An economy functions best when in balance. The best US economy in the 20th Century was called the "virtuous circle" economy of the post-WWII years. It managed to strike a better balance between the interests of investors, managers and workers/consumers. Money flowed from investors through managers and workers/consumers back to investors to repeat the cycle.

As Dr. Ravi Batra, economics professor at Southern Methodist University, has pointed out that all great depressions have been preceded by new record disparities between the richest and poorest, and resulting speculative bubbles. It's this imbalance that is remedied by great depressions.

Right now, as we head toward 2012, the income disparity and resulting imbalance has never been greater. Launched by the "virtuous circle" economy of the post-WWII years, the success of the corporate mission has driven us to the greatest imbalance in history.

Astrologically, this was foretold by Saturn (difficulties, restructuring), during its last transit through Capricorn (ruled by Saturn), being accompanied by Uranus (technology, innovations) and Neptune (inspirations and deceptions). Of course we could have collectively dealt much differently with this confluence of energies, but greed overtook common sense. There were fortunes to be made in the ballooning stock market...and some of those fortunes were lost when the balloon collapsed after the 1990s.

But isn't "making money" what economic activity is all about? Not really, although making money has become the predominant ethos in recent decades. Money is a means, a medium of economic exchange. Making the accumulation of money the goal, not the means, is a colossal collective mistake.

The Maya believed that money, to perform its intended function, had to be made of physical material, not abstractions. At the beginning of this present 13 baktun (5,128 year) cycle, we humans were emerging from the Stone Age and entering the Bronze Age, when metal coins came into use as money. We "progressed" from metal coins to paper bills to numbers stored in bank computers, credit cards and cyberspace money.

5. Economists have noted that great depressions have occurred in cycles of 30 and/or 60 year intervals. If the 30-year cycle brings no great depression, the following 60-year period has brought a more virulent one. But when Saturn arrived in Capricorn for the 1990s, it was accompanied by Uranus and Neptune, with all forming a "beneficent" aspect to Pluto in Scorpio. No grand cross to Uncle Sam's Sun/Saturn square formed; no great depression occurred. See my two-part article: Saturn and Great Depressions.


ABOUT THE AUTHOR

Robert Gover's book Time and Money: the Economy and the Planets came out in late May, 2005. Euromoney Magazine reviewed it in late 2005. Robert has partnered with a fund manager in Florida, Mike Mansfield, to do a financial newsletter. Robert was the featured speaker at a conference of investors from around the world in Denver on September 24, 2005, He has a BA in economics and has studied astrology since 1965. By the mid-1970s, he had become interested in stock market astrology, and by the mid-1980s, with the advent of astrological software, his interest had expanded to the whole economy. Time and Money may be purchased from www.hopepubs.com, or amazon, B&N and other online vendors, as well as book stores. Robert is a memmber of the International Society of Astrological Research, the International Society of Business Astrologers, and the American Federation of Astrologers. He is also a novelist, and the latest edition of his most famous book One Hundred Dollar Misunderstanding can be purchased at most online bookstores. His other novels may be obtained from used or rare book dealers. He has written one other nonfiction book: Voodoo Contra, about the conradictory meanings of that ominous word.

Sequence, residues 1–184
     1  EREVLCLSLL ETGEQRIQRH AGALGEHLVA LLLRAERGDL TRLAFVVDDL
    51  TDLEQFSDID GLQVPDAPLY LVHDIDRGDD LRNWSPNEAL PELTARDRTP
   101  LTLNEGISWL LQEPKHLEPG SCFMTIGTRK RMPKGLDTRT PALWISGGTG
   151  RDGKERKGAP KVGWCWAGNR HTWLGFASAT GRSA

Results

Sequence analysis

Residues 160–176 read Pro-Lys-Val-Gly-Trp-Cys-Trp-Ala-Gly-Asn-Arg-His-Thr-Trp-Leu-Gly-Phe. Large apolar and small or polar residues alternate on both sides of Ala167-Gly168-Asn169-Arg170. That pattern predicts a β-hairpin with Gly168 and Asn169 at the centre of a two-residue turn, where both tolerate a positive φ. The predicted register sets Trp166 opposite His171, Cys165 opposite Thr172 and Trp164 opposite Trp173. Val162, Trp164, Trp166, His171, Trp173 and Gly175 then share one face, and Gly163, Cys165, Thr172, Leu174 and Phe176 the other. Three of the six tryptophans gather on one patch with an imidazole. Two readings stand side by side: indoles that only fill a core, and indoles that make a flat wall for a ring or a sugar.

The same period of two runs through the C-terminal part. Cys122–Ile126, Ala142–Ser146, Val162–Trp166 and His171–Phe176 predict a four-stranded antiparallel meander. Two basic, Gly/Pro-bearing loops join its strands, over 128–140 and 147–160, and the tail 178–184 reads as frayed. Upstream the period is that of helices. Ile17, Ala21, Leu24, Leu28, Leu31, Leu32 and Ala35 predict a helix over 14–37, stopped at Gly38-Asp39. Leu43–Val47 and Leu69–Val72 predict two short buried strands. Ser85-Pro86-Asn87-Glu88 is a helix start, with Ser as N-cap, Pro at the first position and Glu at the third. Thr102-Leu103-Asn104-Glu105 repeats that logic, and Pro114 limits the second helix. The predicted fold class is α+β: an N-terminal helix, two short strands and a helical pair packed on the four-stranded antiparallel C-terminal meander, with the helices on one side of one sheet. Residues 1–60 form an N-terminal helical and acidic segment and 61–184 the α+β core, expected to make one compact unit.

Visit the author's website.

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For more information about Robert Gover, click here.

Other StarIQ articles by Robert Gover:

  • Pluto and the Fed   12/7/2007
  • The Real Estate Cycle   5/14/2007
  • Saturn-Neptune and the U.S. Monetary System   6/9/2006
  • Global Corporations & Territorial Imperative   3/24/2006
  • Neptune and the New Fed Chairman   2/24/2006
  • Saturn-Neptune Avian Flu   1/16/2006
  • Saturn & Neptune: Money and Oil   11/4/2005
  • Money: Dollar & Yuan   7/29/2005
  • Wal-Mart's Dilemma   5/20/2005
  • Social Security and Murphy's Law   1/28/2005
  • Mercury, Pluto and the Vote Count   11/12/2004
  • Vietnam, Iraq, Saturn & Pluto   10/8/2004
  • Planetary Aspects & Belief   7/16/2004
  • Zhu Di to G. Bush   5/28/2004
  • The 72-Year Cycle   4/16/2004
  • Class War   1/9/2004
  • Economists and Astrology, Part 5   10/6/2003
  • Economists and Astrology, Part 3   9/22/2003
  • Economists and Astrology, Part 2   9/9/2003
  • Economists and Astrology, Part 1   9/8/2003
  • Mayan Time and Money   6/26/2003
  • Dollar, Euro and War   4/24/2003
  • Stock Market Alert   12/12/2002
  • War Fever   10/3/2002
  • Long-Range Economic Forecast   8/29/2002
  • Pep Rallies & Scouting Reports   8/15/2002
  • The Virtuous Circle   8/2/2000
  • Neptune, Pluto and Boundaries   5/24/2000
  • Volatile Stock Markets and Pluto   4/19/2000
  • Neptune and Inflation   3/29/2000
  • Financial Panics Past and Future   3/8/2000
  • The Bubble and Gap of the 1990s   3/1/2000
  • Saturn and Great Depressions Part 2   2/2/2000
  • Saturn and Great Depressions Part 1   1/12/2000